Ever since the digital revolution in the late 1950s, technology has been promoting an inclusive knowledge-based society that prioritizes productivity and efficiency. With improved connectivity through information technology, knowledge transfer between inter-disciplinary research teams has greatly sped up innovative healthcare improvements in diagnostics and treatment, data management and disease prevention (e.g. magnetic resonance imaging (MRI) to detect tumours and remote monitoring of blood viscosity in patients with heart failure, electronic medical records and vaccinations respectively). Undoubtedly, this has reduced sufferings, disease burden, and mortality rates. However, this also means that people are living longer than usual and may not enjoy the quality of prolonged life. Nevertheless, technology can be used to solve problems that arise along the way as long as it is used wisely.
Over the past two centuries, life expectancy in countries such as United Kingdom (UK) has more than doubled to above 80 years old and the world population has increased more than seven times to approximately 7.5 billion people (Riley, 2005; United Nations, 2017). Fast food chains have increased from the first A&W in 1919 to countless other chains such as McDonalds (founded in 1940), with 35000 outlets across 119 countries providing consumers with unhealthy food high in sodium, sugar and fats. In a report by the World Health Organization, it is projected that by 2020, chronic diseases will account for an estimated three-quarters of mortality worldwide, of which 71% can be attributed to ischaemic heart disease (IHD), 75% to stroke, and 70% to diabetes. Global healthcare expenditure has increased from 8.5% to 9.5% of GDP from 1995 to 2014 and is expected to increase to a range of between 2.5% to 7.5% by 2020 (Deloitte 2017; The World Bank, 2017). Simply put, advanced technology may have prolonged life and contributed to the problem of global aging population, which is accompanied by a changing disease pattern from communicable to non-communicable. This has caused a frantic increase in government healthcare spending on building more hospitals and facilities to cope with the rising healthcare demands.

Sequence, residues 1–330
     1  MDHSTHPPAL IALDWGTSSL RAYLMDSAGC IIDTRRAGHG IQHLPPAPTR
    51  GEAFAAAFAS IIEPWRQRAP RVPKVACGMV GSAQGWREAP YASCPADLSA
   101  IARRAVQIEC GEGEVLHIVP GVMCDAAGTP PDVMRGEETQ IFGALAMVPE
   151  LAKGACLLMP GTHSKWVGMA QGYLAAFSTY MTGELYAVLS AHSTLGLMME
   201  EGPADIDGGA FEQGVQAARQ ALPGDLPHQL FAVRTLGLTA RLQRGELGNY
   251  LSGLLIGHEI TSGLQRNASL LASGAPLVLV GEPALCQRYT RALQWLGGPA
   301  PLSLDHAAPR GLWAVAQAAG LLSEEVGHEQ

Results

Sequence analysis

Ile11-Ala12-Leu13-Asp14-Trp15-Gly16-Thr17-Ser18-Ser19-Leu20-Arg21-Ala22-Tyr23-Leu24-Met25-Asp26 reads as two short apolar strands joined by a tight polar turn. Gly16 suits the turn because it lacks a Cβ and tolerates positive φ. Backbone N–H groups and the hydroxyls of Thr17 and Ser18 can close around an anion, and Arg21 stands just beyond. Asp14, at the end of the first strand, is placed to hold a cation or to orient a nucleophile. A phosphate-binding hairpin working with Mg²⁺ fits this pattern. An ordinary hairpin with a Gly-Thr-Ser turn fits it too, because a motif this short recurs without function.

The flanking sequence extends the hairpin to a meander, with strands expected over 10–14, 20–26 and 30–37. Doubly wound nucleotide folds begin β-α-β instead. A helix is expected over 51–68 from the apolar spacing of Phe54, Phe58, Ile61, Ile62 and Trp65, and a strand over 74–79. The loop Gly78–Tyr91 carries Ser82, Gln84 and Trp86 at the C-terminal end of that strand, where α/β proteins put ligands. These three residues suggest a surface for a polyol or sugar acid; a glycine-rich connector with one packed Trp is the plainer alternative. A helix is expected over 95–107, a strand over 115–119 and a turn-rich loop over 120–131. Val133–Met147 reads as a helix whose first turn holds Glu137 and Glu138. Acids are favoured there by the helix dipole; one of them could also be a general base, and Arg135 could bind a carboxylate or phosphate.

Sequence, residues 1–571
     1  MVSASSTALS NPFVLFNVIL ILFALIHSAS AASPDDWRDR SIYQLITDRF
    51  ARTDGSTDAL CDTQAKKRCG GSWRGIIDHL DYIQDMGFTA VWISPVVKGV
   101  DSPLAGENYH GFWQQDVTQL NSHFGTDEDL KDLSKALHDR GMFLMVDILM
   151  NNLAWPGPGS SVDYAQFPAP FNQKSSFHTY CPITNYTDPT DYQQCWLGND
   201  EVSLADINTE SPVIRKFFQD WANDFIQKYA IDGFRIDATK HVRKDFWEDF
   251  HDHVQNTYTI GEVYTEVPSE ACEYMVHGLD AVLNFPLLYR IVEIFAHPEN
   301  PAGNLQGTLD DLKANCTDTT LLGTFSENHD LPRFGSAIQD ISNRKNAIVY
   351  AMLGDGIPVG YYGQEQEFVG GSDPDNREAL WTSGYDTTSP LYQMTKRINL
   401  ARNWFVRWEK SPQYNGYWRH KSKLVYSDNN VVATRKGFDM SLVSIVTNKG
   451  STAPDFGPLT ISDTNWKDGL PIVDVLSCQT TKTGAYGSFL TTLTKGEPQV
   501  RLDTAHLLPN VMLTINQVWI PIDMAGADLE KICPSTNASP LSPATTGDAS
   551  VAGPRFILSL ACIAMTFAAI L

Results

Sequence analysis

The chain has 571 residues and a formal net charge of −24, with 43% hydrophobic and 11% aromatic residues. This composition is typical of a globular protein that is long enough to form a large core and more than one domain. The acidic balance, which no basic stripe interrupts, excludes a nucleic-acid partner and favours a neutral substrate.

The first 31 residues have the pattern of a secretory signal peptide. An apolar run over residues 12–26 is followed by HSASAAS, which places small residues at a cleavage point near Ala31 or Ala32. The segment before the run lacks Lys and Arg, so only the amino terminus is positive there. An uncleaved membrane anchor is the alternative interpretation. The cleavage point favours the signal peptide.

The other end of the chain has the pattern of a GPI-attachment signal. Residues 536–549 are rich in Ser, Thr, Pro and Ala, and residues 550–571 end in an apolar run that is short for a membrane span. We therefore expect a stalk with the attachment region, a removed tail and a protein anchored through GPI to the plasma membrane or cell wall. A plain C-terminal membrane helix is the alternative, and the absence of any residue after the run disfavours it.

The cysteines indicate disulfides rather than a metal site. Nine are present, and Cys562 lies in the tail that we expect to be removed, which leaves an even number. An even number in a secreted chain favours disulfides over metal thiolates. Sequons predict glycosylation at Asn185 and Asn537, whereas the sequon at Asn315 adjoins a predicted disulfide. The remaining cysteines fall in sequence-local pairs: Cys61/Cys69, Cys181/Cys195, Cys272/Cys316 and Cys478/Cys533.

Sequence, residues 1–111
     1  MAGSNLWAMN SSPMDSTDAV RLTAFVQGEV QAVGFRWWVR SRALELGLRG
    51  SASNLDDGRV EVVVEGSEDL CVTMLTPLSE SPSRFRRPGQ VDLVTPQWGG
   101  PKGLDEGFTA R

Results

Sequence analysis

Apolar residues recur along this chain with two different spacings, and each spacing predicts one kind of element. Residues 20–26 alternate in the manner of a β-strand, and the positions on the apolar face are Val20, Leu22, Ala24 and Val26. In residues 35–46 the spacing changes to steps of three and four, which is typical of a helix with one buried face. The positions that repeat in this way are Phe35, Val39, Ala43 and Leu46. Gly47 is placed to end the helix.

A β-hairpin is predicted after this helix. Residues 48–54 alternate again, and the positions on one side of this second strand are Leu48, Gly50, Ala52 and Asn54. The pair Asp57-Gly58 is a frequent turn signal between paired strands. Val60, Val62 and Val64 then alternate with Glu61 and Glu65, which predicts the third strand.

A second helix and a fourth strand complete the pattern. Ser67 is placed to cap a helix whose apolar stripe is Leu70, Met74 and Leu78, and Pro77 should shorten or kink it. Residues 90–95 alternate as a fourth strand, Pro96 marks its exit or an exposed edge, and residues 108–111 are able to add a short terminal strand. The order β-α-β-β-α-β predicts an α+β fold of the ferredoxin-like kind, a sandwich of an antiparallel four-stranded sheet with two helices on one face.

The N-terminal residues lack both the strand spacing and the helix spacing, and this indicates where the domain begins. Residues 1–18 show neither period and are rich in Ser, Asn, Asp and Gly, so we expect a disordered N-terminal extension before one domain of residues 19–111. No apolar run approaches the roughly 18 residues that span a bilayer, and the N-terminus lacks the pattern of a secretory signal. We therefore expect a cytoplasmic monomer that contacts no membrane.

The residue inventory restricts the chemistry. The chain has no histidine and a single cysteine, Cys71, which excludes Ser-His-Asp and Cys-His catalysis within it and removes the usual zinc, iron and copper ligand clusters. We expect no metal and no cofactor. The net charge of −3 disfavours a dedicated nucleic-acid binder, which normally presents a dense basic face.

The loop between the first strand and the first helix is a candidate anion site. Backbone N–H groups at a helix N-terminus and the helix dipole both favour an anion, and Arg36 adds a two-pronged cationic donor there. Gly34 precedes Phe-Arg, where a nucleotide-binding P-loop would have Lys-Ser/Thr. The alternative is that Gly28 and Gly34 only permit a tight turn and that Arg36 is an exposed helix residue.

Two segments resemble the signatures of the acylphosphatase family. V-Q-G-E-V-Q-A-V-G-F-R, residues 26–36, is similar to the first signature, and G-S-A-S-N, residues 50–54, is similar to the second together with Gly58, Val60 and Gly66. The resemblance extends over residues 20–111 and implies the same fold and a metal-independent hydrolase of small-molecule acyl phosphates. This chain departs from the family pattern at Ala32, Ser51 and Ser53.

On the other hand, revolutionary leaders recognize that a persistent increase in healthcare expenditure is unsustainable and hence are encouraging the use of innovative technology to detect and manage illnesses earlier. This can be seen through enhanced diagnostic capacity and accuracy, surgical precision and medical management. Continuity of care at home 3 is also made possible with technology such as remote monitoring for chronic disease management. Early screening tests for breast cancer can now be done through a simple mammogram test.
Improved diagnostics and treatment
Take stroke for example. A stroke can be caused by either a blocked artery (ischemic stroke) or a burst arterial aneurysm (hemorrhagic stroke). In the past without imaging technology, if someone visits the emergency unit presenting with symptoms of an aneurysm (the out-pouching weakened arterial wall), neurosurgery had to be done by opening up the entire skull to look for an aneurysm and tie it off to prevent a hemorrhagic stroke. Now, a functional MRI can be done to locate the bleeding site and avoid critical regions and neurosurgeons can insert a coil through the nose or sinuses into the pouch and prevent blood from accumulating insides, which builds pressure and eventually leads to it to burst. This shows how technology has reduced complications such as infections, morbidity and mortality by providing a safer and less invasive treatment.
Another example is the use of robotics such as the da Vinci Surgical System, which is already being used to assist in minimally invasive surgeries such as cardiac valve repair and hysterectomy (removal of the uterus). It consists of a console, camera and precise tools such as scalpels completely controlled by the surgeon to perform laparoscopic surgeries with less assistant surgeons yet more precision. In the future, artificial intelligence is speculated to be programmed to learn pattern recognition and disease differentiation for conducting an accurate medical diagnosis.
With the persistent shortage of organ donors, research in 3-dimensional bioprinting has been revolutionizing regenerative medicine since 2003 by producing artificial organs for transplantation. While most printed organs such as the heart are still under clinical trials, less critical complex structures such as blood vessels have already been clinically implemented. Cells are mostly harvested from the recipients' body to print out the body structure for transplant.
An upcoming use of technology in healthcare is the use of nanotechnology to provide targeted therapy. For example, in cancer therapy, clinical trials are showing potential for targeted chemical drug delivery that kills only cancer cells, reducing the side effects of chemotherapy such as hair loss due to the chemical drugs affecting too the skin cells. Another example is the insertion of radioactive gold nanoparticles into prostate cancerous cells followed by shining laser on the area. This improves the effectiveness of radiotherapy while decreasing the occurrence of side effects as the gold nanoparticles would concentrate the heat to destroy the cancerous cells without affecting the surrounding healthy cells.
Secondary disease prevention